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Evaluate $ \int^{\pi/2}_{-\pi/2} \frac {1}{ 1+e^{\sin x} }dx $

Solution:

I think odd, even functions are of no use here.

Also we get nothing by taking $e^{\sin x} $ common in denominator.

Also rationalizing the denominator is of no use.

Really I have no idea how to solve this question.

Please help.

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1  
I must say that your comment about odd/even functions caused me to try what I did below in my comment. Good one. –  DonAntonio Jun 2 '13 at 11:28

3 Answers 3

up vote 11 down vote accepted

Put

$$f(x)=\frac1{1+e^{\sin x}}\implies f(-x)=\frac1{1+e^{\sin(-x)}}=\frac1{1+e^{-\sin x}}=e^{\sin x}f(x)=1-f(x)$$

so that we have

$$\int\limits_{-\pi/2}^{\pi/2} f(x)\,dx=\int\limits_{-\pi/2}^0f(x)\,dx+\int\limits_0^{\pi/2}f(x)\,dx=$$

$$\int\limits_0^{\pi/2}f(x)e^{\sin x}dx+\int\limits_0^{\pi/2}f(x)\,dx=\frac{\pi}2$$

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+1 Awesome. this solution is helpful for me too. –  iostream007 Jun 2 '13 at 11:36
    
Believe me, when I got this result I was pretty surprised, and I even did something I do very few occassions: I resourced to WA to verify the result! –  DonAntonio Jun 2 '13 at 11:39
    
Very neat! Not entirely sure how you solved the final integrals on the last line though. I might just be having a slow moment. –  john Jun 2 '13 at 11:42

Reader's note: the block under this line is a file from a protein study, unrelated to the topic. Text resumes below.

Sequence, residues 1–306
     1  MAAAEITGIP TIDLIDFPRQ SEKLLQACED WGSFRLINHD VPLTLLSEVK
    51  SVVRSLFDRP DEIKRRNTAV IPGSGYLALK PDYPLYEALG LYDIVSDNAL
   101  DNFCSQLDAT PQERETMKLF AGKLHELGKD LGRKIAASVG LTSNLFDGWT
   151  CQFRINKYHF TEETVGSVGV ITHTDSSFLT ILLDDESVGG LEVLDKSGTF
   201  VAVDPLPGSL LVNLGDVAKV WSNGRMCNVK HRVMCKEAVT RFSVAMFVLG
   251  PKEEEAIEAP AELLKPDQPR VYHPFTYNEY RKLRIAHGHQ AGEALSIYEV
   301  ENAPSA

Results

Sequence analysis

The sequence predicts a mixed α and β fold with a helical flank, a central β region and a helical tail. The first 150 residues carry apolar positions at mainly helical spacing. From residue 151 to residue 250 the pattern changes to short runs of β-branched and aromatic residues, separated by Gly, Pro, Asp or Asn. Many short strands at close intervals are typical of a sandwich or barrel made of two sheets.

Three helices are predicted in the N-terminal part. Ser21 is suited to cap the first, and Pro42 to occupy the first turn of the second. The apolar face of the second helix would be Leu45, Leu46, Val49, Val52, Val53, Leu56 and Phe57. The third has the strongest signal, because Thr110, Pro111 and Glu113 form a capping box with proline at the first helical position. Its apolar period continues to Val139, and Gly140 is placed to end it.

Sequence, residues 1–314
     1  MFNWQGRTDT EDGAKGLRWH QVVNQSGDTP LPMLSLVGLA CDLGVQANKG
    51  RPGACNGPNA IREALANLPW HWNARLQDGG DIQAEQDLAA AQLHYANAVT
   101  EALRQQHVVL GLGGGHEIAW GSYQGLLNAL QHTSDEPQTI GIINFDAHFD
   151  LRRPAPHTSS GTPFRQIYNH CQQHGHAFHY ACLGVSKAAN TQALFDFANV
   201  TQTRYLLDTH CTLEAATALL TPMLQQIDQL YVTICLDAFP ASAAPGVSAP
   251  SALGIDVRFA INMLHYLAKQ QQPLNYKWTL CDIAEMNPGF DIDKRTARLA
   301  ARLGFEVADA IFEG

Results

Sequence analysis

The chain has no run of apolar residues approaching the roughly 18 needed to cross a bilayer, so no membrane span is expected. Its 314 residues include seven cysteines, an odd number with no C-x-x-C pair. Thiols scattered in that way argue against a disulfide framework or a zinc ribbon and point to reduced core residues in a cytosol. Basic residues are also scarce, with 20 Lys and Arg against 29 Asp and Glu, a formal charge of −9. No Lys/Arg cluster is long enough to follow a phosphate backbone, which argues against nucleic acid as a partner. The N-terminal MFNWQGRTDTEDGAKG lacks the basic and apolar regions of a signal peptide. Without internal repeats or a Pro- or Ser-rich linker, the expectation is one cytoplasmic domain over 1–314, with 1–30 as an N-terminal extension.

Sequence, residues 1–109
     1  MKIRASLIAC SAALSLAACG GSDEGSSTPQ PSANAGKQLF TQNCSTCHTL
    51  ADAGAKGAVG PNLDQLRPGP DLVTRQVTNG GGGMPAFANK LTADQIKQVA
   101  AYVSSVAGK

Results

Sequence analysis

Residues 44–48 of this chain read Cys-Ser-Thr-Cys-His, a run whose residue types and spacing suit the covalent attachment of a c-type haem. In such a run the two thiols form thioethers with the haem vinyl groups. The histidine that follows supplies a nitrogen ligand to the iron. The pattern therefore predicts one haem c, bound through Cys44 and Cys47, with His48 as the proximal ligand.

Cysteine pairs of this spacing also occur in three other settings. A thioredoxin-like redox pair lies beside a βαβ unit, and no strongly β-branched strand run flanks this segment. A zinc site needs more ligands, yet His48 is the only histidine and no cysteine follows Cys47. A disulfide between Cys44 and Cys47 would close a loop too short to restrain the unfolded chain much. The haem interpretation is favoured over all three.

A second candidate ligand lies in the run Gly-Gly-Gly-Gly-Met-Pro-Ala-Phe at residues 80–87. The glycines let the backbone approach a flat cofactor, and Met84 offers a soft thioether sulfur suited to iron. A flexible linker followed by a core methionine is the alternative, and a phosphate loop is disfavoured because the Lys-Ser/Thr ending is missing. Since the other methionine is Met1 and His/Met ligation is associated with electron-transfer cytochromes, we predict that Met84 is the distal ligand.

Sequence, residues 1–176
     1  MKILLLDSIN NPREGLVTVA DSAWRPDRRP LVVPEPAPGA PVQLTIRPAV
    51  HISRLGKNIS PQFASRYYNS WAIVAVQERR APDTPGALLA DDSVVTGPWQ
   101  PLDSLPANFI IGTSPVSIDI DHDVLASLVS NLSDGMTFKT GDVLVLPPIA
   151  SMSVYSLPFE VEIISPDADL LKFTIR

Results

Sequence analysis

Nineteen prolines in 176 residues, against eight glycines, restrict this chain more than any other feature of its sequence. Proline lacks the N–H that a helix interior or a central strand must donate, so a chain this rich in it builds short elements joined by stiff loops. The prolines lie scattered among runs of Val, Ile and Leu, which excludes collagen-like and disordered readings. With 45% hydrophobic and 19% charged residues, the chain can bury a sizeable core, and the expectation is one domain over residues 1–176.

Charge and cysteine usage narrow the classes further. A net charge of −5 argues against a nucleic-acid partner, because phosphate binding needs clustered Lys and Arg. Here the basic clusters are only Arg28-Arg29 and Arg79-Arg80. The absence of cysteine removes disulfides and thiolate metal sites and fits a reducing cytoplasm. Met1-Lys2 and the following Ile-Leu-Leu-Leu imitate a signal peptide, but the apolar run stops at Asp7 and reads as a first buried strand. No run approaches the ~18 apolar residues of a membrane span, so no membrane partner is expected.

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Great job. Thanks a lot –  rst Jun 2 '13 at 11:44
    
@john, since $\,f(x)e^{\sin x}=1-f(x)\,$ , in the last line we're left only with the integral of $\,1\cdot dx\,$ ... –  DonAntonio Jun 2 '13 at 11:58

This answer is a slight generalization of @DonAntonio's.

Any function can be decomposed into even and odd functions, $$f(x) = f_{+}(x) + f_{-}(x),$$ where $$f_\pm(x) = \frac{1}{2}(f(x)\pm f(-x)).$$ Note that $f_\pm(-x) = \pm f_\pm(x)$, so $f_+$ is even and $f_-$ is odd.

Thus,
$$\begin{eqnarray*} \int_{-a}^a f(x)dx &=& \int_{-a}^a f_{+}(x)dx + \underbrace{\int_{-a}^a f_{-}(x)dx}_{0} \\ &=& 2\int_{0}^a f_{+}(x)dx \end{eqnarray*}$$ for any function.

For $f(x) = 1/(1+e^{\sin x})$ we have $f_+(x) = 1/2$. Therefore, $$\int^{ \pi/2}_{- \pi/2} \frac {1}{ 1+e^{\sin x} }dx = 2\int_{0}^{\pi/2} \frac{1}{2} dx = \frac{\pi}{2}.$$

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$$ \int^{\frac \pi2}_{-\frac \pi2} \frac 1{ 1+e^{\sin x} }dx $$

$$ =\int^0_{-\frac \pi2} \frac 1{ 1+e^{\sin x} }dx+\int^{\frac \pi2}_0 \frac 1{ 1+e^{\sin x} }dx $$

$$\text{Now, putting } y=-x \text{ in } \int^0_{-\frac \pi2} \frac 1{ 1+e^{\sin x} }dx,$$

$$\text{ we get } \int^0_{-\frac \pi2} \frac 1{ 1+e^{\sin x} }dx=\int^0_{\frac \pi2}\frac1{1+e^{\sin(-y)}}(-dy)$$ $$=\int^0_{\frac \pi2}\frac{e^{\sin y}}{1+e^{\sin y}}(-dy)\text{ as }\sin(-y)=-\sin y$$

$$=\int^{\frac \pi2}_0\frac{e^{\sin y}}{1+e^{\sin y}}dy \text{ as } \int^a_bf(x)dx=-\int^b_af(x)dx$$

$$=\int^{\frac \pi2}_0\frac{e^{\sin x}}{1+e^{\sin x}}dx \text{ as } \int^a_bf(x)dx=\int^a_bf(y)dy$$

$$\implies \int^{\frac \pi2}_{-\frac \pi2} \frac 1{ 1+e^{\sin x} }dx=\int^0_{-\frac \pi2} \frac 1{ 1+e^{\sin x} }dx+\int^{\frac \pi2}_0 \frac 1{ 1+e^{\sin x} }dx $$

$$=\int^{\frac \pi2}_0\frac{e^{\sin x}}{1+e^{\sin x}}dx+\int^{\frac \pi2}_0 \frac 1{ 1+e^{\sin x} }dx$$

$$=\int^{\frac \pi2}_0\frac{1+e^{\sin x}}{1+e^{\sin x}}dx=\int^{\frac \pi2}_0dx$$

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it is somewhat like above answer. But you explained in detail . good work. –  rst Jun 2 '13 at 15:08
    
@rst, if you observe carefully, my answer has evolves around the manipulation triggered by the limits, whereas the other answer evolved around the property of the function $f$ –  lab bhattacharjee Jun 2 '13 at 15:13
    
Yeah,you can say that –  rst Jun 2 '13 at 15:21

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